In the coming weeks, we hope to discuss in greater detail what kinds of labor market and inflation outcomes the Fed should be aiming for. Here is an initial layout of how some of our macroeconomic views tend to differ from senior Fed officials.

The Fed has increasingly gone back to its roots, embracing a cost-push Phillips Curve view of how the labor market primarily affects inflation. That view involves:

  1. Pursuing lower wage growth in order to tame price inflation (for a specific set of allegedly "labor-intensive" services), and
  2. Pursuing higher unemployment in order to achieve lower wage growth (even as it implies recessionary outcomes)

We are not denialists about the relevance of labor market conditions, but we subscribe to a different view of how the labor market primarily affects inflation, what we will call a demand-pull view. Labor incomes are the major and marginal funding source for household consumption. Stronger gross labor income growth—which is really just job growth plus wage growth—puts more demand-side pressure on aggregate nominal consumption growth. This in turn pressures consumer price inflation at the margin.

These two dynamics may seem like two sides of the same coin: complementary mechanisms that have equivalent implications for how the Fed should respond to labor market dynamics. But when it comes to how the Fed should react to incoming information under uncertainty, the two channels emphasize different sets of data for shaping the Fed's policy reaction function.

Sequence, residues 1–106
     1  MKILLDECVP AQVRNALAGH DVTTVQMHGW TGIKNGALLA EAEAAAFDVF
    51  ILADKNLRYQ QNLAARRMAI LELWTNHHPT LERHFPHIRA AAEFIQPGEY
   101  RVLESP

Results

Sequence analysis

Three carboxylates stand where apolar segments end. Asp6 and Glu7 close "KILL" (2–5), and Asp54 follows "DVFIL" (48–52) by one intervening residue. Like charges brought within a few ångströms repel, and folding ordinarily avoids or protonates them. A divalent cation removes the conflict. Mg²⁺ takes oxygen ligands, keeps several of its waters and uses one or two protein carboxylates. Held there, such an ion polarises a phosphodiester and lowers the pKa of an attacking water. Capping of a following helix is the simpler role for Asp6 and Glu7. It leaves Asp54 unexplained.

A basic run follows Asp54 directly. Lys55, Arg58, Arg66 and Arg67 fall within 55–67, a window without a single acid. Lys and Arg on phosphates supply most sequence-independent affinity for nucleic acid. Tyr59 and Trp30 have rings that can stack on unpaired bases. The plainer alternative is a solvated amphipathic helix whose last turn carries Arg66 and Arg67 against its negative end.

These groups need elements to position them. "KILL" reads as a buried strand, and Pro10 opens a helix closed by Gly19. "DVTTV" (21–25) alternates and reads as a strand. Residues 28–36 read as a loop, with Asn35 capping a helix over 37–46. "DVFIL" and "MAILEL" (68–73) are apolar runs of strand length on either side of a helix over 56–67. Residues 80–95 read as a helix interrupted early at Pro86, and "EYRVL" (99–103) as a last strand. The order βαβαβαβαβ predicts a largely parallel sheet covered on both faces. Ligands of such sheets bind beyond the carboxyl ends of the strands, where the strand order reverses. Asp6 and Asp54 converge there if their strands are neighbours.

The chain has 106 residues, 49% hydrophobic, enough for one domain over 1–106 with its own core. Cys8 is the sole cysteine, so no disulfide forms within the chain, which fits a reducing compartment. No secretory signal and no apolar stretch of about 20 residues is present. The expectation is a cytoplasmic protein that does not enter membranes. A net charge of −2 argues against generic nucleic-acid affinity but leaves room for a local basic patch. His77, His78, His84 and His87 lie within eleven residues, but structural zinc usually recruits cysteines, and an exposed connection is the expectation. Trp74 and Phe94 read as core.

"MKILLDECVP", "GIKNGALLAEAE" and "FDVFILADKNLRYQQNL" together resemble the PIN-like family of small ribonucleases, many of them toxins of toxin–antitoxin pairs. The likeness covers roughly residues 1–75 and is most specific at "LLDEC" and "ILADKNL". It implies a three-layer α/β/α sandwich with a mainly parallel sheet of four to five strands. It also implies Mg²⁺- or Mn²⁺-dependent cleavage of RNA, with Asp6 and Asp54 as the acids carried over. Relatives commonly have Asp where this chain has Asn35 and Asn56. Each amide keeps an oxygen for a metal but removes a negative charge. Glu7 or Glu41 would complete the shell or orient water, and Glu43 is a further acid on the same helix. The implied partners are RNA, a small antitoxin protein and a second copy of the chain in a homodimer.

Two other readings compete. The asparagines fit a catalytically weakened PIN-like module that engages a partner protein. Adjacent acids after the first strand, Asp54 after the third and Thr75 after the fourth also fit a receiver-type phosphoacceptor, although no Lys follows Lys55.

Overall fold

Difference #1: The Implications of Job Growth (Already) Slowing

The Cost-Push Phillips Curve View: The Fed is clearly unsatisfied with job growth merely slowing. Fedspeak and Fed projections make clear they are aiming for higher unemployment within the current calendar year, at a scale which would  only be consistent with outright job loss. Why? Under a static Phillips Curve model of wage growth, the pace of nominal wage growth is—to a first approximation—determined by the level of unemployment. Slower job growth should directly lowers gross labor income growth assuming fixed wage growth, but Phillips Curve models of wage growth make the alternative assumption.

  • If you strongly believe in a static wage Phillips Curve, then the lower unemployment rate will still cause additional labor scarcity that drives even faster wage increases. This in turn pushes up wage growth and labor-intensive service price inflation.
  • Empirically speaking, we have good reasons to be skeptical of following static Phillips Curve models of wage growth, which perform poorly amidst changing economic conditions. Over time, there are many different unemployment rates that can align with a given pace of wage growth. Wage growth has decelerated in multiple business cycle expansions, even as the unemployment rate fell.